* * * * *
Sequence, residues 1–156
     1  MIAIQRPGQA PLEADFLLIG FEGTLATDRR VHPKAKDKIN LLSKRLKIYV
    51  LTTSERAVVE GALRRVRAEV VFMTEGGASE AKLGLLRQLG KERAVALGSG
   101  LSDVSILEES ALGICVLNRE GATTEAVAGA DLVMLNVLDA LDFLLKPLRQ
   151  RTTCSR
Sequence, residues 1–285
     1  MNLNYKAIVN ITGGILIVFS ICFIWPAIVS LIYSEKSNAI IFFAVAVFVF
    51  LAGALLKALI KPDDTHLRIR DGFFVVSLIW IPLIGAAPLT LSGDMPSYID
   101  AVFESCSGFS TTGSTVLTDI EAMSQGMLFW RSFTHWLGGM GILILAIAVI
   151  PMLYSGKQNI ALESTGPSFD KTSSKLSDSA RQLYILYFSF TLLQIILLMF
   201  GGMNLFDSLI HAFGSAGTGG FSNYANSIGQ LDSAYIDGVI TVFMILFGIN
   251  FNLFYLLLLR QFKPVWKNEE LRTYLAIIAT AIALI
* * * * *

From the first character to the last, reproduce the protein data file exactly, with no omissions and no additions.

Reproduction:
Sequence, residues 1–156
     1  MIAIQRPGQA PLEADFLLIG FEGTLATDRR VHPKAKDKIN LLSKRLKIYV
    51  LTTSERAVVE GALRRVRAEV VFMTEGGASE AKLGLLRQLG KERAVALGSG
   101  LSDVSILEES ALGICVLNRE GATTEAVAGA DLVMLNVLDA LDFLLKPLRQ
   151  RTTCSR
Sequence, residues 1–285
     1  MNLNYKAIVN ITGGILIVFS ICFIWPAIVS LIYSEKSNAI IFFAVAVFVF
    51  LAGALLKALI KPDDTHLRIR DGFFVVSLIW IPLIGAAPLT LSGDMPSYID
   101  AVFESCSGFS TTGSTVLTDI EAMSQGMLFW RSFTHWLGGM GILILAIAVI
   151  PMLYSGKQNI ALESTGPSFD KTSSKLSDSA RQLYILYFSF TLLQIILLMF
   201  GGMNLFDSLI HAFGSAGTGG FSNYANSIGQ LDSAYIDGVI TVFMILFGIN
   251  FNLFYLLLLR QFKPVWKNEE LRTYLAIIAT AIALI